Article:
Gray’s green thumb puts him on best seller list

Rick Gray’s green thumb in the garden is about to turn into some green in his wallet.

The Ridgetown resident’s book, ‘The Gardener’s Guide to Native Plants of the Southern Great Lakes,’ is already at No. 4 on the Globe & Mail’s best sellers list for Canadian non-fiction.

“I’m totally blown away by it; I’m still pinching myself,” Gray said about the book’s instant success.

Gray, aka the Native Plant Gardener, launched his introductory to writing at the Tales & Turns Cafe in Chatham on March 16.

Copies of the book were sold out just 45 minutes into his two-hour appearance.

“The response has been overwhelming,” said Gray, as his book has received nothing but five-star reviews on both Amazon and Good Reads, along with its lofty place on the Globe & Mail best sellers list.

The 352-page book features 150 different native plants, each with a two-page spread.

Gray offers a complete description of each plant—its sunlight and moisture requirements, a range map showing where it’s native, how big it grows, whether it’s a species at risk, and its host butterflies and insects.

Gray had assistance from Shaun Booth, a former natural nursery and landscape business owner in Orangeville, who provided some of the descriptive information on plants.

“On average, there are at least four photos for every one of the 150 plants with a description of what the plant looks like as a whole, what its flower looks like up close, the leaves, and the seed head to help recognize the plant when you see it and get an idea of what it’s going to look like in your garden,” Gray said.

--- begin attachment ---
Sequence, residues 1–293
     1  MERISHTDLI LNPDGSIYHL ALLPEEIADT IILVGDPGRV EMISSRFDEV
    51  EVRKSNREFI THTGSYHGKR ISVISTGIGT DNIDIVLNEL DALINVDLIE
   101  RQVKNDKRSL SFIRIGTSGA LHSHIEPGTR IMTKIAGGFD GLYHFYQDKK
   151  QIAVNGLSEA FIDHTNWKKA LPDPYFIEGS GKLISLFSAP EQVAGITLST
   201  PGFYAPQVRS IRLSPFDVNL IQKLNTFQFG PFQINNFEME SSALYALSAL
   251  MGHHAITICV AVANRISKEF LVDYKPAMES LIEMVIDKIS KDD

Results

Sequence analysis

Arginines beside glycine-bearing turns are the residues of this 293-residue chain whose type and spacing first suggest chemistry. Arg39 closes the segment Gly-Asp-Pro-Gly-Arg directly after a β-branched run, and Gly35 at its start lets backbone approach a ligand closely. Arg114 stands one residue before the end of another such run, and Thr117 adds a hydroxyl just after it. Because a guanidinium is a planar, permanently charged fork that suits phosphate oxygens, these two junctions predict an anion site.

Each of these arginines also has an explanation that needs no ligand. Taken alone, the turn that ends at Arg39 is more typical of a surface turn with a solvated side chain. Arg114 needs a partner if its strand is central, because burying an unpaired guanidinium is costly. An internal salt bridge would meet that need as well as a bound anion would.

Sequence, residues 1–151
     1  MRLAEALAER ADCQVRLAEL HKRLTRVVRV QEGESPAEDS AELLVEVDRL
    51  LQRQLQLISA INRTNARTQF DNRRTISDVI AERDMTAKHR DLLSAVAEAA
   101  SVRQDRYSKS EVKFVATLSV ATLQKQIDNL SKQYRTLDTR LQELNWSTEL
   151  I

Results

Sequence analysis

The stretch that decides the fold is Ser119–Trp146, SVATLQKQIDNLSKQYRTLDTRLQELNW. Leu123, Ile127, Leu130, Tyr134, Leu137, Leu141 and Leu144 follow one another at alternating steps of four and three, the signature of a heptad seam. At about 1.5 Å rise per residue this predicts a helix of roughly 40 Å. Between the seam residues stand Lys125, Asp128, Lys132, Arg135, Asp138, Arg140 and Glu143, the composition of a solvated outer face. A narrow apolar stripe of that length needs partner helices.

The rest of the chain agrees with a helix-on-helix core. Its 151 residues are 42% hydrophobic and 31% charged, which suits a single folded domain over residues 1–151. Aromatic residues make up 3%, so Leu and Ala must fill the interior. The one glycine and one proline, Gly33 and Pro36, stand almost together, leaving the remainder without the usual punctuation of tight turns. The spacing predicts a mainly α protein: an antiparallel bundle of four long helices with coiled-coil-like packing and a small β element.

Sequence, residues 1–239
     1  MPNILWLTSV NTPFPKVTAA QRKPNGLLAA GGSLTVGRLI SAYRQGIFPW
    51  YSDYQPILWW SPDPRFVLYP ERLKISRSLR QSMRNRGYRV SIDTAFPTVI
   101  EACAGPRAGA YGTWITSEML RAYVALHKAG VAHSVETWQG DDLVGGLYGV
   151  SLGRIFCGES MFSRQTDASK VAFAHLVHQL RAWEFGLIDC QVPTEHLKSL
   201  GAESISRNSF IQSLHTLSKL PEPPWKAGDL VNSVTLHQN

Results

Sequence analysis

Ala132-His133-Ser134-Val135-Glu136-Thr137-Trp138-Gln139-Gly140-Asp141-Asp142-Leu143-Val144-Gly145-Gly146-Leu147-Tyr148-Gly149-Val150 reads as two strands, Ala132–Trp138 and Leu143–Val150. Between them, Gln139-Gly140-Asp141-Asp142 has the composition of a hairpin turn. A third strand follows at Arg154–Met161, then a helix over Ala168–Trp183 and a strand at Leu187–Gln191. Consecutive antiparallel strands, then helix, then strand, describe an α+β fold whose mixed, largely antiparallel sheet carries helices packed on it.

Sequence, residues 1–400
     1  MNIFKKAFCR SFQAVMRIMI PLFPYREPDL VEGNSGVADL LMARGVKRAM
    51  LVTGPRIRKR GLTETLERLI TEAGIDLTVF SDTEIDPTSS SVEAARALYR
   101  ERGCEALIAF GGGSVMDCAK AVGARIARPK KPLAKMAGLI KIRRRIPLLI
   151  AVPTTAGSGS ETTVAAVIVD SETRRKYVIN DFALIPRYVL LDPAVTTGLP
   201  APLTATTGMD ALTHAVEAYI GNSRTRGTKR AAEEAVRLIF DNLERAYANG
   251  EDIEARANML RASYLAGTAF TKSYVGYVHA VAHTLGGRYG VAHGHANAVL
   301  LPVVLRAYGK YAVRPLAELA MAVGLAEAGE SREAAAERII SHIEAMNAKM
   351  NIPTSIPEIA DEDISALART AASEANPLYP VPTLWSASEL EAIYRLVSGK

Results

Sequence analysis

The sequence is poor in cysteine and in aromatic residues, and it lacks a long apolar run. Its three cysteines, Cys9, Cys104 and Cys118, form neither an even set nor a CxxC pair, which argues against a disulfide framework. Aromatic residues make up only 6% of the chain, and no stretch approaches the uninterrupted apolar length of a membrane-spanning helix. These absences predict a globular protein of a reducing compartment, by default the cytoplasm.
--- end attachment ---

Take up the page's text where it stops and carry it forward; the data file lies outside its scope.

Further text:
Gray said he took about 95 percent of the pictures in his expansive native garden at his Lisgar St. home.

Gray, a retired professor, purchased his home in 2004 when he was hired as a GIS tech instructor for the Ridgetown Campus’ new environmental program.

He rented the house out for four years while he held Academic Chair positions at colleges in Brandon, Man., and Peterborough before retiring and moving back to Ridgetown in 2018.

Gray transformed the backyard into a number of gardens with 100 percent native and near-native plants, which attracted attention not only locally but across Canada and North America.

Gray said the timing of his book hitting the shelves is one factor in his book doing so well.

“The fact that the book came out in March when people are starting to think about their gardens helped a lot, “ stated Gray.

“Native plant gardening is the fastest growing sector in horticulture; it’s really taking off,” Gray said. “People are looking for local, native plants to feed butterflies, bees, and other pollinators.”

The book is available locally at Turns & Tales, located in the Scotiabank building on King St. W. in Chatham, as well as at Chapters and Indigo bookstores and online from Amazon.

Gray has been busy promoting his book at appearances and signings, including at the Ridgetown and Highgate libraries.

Gray has local appearances at the Chatham CKPL branch on Wednesday, May 1, at 1 p.m. and the Ridgetown Horticultural Society on Wednesday, May 15, at 7 p.m.

Gray said he will be averaging three appearances a week until mid-June across Ontario and into Michigan.

He is also taking bookings for garden tours at his Lisgar St. home by email at

Michael Bennett, Local Journalism Initiative Reporter, The Ridgetown Independent News